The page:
- In Cameroon, the study is limited to an opportunity and risk analysis of establishing a recycling system in the current legal and regulatory context, looking notably at the legal constraints (e.g. taxation, legal permits needed, etc.) which are likely to be imposed by the government
The recycling Strategy In Kenya regarding Total Kenya Limited reveals the following key points for End Of Life (EOL) solar Lamps :
- An Awareness Campaign : With the aim to raise end user's awareness and different actors along of the recycling chain to inform them about the importance of e-waste recycling for environmental and health purposes;
- The Collection of Waste Lamps : Base on existing facilities that can be leveraged to collect EOL solar lamps, starting with the existing distribution system. The main challenge is to design a collection system that reaches out end users located in remote areas of the country. Adapted Incentive to motivate end users to give back their EOL appliances also remain a key challenge.
- The Processing of the Waste : the recycling of solar lamps is not expected to pose any particular technical issue, as the lamps do not contain any problematic fractions. An analysis of operation cost structure shows that recycling of solar lamps should be profitable for the recycling Company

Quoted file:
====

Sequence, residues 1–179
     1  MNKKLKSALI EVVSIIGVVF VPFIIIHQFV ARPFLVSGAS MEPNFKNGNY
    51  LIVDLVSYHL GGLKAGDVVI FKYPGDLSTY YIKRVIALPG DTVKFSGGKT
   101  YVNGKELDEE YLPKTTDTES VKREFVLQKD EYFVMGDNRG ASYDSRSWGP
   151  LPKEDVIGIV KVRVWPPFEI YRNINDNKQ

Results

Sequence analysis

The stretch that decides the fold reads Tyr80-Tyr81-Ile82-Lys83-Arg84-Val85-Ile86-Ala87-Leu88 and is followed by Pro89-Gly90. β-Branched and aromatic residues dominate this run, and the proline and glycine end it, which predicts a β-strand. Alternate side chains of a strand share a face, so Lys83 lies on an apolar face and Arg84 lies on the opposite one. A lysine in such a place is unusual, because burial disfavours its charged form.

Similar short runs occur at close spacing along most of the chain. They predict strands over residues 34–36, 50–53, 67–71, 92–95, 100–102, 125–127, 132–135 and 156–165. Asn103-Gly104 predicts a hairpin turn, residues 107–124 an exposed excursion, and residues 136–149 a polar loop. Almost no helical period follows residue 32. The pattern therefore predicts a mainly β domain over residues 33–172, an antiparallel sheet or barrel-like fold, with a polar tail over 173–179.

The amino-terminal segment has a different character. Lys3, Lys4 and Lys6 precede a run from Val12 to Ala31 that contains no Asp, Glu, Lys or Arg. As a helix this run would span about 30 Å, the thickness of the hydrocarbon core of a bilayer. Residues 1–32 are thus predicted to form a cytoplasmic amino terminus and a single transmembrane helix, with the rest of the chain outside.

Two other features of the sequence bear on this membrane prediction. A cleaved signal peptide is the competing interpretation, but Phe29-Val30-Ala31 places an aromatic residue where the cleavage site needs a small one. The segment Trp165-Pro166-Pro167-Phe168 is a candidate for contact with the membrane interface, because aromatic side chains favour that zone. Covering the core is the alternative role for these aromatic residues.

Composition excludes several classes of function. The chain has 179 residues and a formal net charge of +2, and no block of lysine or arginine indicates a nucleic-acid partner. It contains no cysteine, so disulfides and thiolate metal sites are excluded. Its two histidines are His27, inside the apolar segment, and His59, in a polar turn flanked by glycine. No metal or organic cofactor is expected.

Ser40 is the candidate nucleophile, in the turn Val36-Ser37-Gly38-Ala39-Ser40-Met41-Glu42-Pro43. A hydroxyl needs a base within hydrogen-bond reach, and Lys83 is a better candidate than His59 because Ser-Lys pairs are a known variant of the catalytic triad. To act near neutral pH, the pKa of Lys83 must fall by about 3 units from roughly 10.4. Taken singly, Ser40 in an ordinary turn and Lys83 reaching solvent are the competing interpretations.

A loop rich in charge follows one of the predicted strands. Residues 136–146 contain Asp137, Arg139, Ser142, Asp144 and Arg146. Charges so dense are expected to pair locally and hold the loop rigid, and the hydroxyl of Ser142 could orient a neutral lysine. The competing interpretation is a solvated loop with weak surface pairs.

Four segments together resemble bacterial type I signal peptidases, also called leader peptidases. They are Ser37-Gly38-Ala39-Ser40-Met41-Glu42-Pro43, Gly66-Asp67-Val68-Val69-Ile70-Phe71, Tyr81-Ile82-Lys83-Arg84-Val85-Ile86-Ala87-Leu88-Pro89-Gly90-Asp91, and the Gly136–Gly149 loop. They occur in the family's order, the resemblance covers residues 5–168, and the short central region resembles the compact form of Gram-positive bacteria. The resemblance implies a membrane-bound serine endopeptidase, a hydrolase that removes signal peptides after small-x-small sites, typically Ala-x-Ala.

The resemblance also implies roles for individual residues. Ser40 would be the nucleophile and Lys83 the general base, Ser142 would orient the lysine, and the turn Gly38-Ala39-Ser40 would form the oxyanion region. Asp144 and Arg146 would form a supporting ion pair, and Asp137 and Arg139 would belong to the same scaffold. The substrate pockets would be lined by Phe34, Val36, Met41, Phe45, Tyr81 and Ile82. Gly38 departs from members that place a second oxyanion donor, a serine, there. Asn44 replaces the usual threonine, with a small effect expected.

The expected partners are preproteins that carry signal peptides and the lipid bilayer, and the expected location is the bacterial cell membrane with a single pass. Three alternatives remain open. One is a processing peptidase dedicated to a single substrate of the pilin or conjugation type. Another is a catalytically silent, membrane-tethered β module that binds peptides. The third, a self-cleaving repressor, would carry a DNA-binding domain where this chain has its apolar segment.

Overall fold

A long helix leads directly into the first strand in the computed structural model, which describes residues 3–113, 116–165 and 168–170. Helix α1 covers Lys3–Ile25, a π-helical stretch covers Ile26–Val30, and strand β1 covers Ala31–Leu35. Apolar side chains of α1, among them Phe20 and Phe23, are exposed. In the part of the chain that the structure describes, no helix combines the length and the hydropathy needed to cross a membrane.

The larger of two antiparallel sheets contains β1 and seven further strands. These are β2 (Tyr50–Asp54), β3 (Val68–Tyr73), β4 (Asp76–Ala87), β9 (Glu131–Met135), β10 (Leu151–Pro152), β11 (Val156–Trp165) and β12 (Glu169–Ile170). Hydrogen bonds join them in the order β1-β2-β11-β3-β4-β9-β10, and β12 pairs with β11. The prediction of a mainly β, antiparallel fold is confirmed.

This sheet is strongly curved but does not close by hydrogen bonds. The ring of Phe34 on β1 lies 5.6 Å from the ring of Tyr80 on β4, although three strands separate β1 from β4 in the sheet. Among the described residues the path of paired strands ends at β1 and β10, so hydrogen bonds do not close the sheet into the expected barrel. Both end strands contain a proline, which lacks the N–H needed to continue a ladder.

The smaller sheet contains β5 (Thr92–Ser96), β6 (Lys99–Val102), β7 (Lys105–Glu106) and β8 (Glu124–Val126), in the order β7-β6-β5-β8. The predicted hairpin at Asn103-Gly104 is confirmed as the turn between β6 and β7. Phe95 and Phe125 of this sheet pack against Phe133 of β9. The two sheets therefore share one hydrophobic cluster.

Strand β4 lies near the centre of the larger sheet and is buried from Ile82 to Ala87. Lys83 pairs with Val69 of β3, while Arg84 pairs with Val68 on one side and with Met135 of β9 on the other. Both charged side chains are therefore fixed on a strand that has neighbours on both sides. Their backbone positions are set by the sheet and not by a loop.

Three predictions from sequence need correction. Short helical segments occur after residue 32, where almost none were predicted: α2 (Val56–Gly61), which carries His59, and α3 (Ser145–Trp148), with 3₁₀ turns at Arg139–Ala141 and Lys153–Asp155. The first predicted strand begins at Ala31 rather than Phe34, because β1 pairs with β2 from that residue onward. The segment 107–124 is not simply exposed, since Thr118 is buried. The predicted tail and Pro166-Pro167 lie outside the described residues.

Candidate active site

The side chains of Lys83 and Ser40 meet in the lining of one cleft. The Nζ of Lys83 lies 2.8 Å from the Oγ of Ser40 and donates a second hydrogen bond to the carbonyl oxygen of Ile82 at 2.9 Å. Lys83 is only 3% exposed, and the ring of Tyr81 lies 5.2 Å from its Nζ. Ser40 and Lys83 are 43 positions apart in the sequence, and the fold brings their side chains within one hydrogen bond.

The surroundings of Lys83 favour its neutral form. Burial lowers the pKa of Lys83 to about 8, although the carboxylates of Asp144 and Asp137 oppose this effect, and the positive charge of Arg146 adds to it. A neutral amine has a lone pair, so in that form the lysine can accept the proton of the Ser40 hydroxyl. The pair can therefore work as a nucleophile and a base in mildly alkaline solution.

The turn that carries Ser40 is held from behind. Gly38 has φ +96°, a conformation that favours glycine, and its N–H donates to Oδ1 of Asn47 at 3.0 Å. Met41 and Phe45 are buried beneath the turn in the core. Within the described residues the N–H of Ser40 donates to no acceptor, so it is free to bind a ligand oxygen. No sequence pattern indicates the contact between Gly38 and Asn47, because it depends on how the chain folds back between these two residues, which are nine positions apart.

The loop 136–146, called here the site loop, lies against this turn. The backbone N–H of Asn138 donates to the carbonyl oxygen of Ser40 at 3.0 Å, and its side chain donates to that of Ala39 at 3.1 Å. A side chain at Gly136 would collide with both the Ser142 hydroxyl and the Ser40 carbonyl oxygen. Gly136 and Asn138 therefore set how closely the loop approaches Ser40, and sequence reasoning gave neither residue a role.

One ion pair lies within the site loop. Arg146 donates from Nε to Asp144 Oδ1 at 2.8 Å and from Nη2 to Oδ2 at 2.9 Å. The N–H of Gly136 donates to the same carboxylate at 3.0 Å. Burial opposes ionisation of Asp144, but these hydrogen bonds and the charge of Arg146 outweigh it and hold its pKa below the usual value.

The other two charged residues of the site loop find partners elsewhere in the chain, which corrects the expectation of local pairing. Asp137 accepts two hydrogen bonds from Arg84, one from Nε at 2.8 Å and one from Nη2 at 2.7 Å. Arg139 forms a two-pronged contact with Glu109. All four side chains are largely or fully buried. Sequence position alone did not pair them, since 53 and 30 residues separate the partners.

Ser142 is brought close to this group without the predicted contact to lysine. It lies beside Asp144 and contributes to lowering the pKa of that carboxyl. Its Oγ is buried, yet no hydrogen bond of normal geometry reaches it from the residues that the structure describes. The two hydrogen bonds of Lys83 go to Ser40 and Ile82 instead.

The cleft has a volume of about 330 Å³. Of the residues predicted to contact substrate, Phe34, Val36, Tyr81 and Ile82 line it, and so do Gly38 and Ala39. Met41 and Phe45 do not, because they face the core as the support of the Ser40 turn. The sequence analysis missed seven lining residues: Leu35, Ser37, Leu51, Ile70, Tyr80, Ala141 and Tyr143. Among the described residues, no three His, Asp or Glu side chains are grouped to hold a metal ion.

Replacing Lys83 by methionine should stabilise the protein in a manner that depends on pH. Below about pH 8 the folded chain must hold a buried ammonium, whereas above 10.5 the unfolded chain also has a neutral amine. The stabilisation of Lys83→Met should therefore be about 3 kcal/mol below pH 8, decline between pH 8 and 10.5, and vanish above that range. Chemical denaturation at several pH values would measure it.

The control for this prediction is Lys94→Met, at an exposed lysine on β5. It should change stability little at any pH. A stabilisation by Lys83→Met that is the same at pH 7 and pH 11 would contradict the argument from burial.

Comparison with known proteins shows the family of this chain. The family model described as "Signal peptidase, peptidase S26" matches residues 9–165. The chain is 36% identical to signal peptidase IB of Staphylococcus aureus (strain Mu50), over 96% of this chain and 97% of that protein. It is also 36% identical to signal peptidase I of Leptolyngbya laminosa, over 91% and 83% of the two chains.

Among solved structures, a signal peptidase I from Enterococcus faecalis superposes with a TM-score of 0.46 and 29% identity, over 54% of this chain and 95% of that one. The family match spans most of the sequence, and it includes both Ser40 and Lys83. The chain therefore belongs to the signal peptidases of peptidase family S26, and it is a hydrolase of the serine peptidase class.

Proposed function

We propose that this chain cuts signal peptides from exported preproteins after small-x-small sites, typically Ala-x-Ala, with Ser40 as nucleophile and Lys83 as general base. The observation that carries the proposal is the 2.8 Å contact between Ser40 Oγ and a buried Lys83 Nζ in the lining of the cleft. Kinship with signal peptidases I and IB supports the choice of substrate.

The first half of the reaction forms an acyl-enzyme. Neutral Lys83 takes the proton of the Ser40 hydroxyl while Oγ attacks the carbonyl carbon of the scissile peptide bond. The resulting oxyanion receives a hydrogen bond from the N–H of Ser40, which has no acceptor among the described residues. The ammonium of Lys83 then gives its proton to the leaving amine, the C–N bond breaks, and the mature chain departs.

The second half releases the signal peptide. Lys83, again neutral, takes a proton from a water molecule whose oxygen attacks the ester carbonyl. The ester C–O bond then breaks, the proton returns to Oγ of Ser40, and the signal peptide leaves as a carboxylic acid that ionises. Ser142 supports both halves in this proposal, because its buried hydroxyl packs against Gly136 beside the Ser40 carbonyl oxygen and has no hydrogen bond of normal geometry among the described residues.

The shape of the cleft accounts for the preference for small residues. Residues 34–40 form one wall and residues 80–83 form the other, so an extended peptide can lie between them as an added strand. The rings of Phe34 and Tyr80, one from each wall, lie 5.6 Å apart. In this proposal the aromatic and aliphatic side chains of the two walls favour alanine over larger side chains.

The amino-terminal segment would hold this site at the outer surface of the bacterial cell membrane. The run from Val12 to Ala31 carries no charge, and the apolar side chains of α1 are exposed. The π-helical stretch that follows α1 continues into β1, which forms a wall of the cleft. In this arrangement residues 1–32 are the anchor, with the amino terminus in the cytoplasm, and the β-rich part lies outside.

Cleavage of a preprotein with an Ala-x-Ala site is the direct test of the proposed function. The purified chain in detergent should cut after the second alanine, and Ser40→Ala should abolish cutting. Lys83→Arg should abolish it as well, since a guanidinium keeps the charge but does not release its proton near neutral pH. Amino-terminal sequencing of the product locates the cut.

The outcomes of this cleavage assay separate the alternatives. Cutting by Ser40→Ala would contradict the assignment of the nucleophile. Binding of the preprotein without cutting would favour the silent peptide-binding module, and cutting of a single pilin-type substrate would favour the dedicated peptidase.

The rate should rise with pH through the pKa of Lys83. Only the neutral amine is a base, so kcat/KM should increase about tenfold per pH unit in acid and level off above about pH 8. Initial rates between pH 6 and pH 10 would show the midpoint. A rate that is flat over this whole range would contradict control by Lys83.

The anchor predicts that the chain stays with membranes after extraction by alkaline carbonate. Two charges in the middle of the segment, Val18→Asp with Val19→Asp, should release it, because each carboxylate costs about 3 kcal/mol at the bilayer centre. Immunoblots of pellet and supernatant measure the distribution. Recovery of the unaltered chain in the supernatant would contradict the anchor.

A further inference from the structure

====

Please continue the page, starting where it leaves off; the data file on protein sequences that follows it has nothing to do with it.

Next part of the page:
- The Sustainability of the system : The main challenge will be to ensure the financial sustainability of solar lamps recycling taking into account the overall recycling costs, including collection and processing costs, compared to the value of its recycled parts
A Copy of the recycling Study can be downnloaded here
Ways forward/ Other Challenges:
- Follow up and empower trained entrepreneurs, Develop new ventures with solar distributors ;
- Develop an experience Financial products for Solar Entrepreneurs ;
- Improve taxation and customs codes on the importations of Solar products / Reduce the taxation and customs rates on the importation of Solar products ;
- Put in place Norms on the quality of solar components in Cameroon ;
- Continue Sensitization Campaigns in remote areas ;
- Implement a Recycling Chain for end of life Solar products ;
Other Relevant Study
Lighting Africa Policy Review_Cameroon
Value Chain Analysis of Lighting and Telephone Recharging Options in Off-grid Cameroon_ (SNV Research on Pico PV in Cameroon
Loi n° 2011/022 du 14 décembre 2011 régissant le secteur de l'électricité au Cameroun
Loi n° 2013/004 du 18 avril 2013 fixant les incitations à l’investissement prive en république du Cameroun
Building Capacities of Rural Entrepreneurs
One of the main Objective of the project was to create a value chain to for Pico PV lighting systems to rural areas. This have been feasible through the training of rural entrepreneurs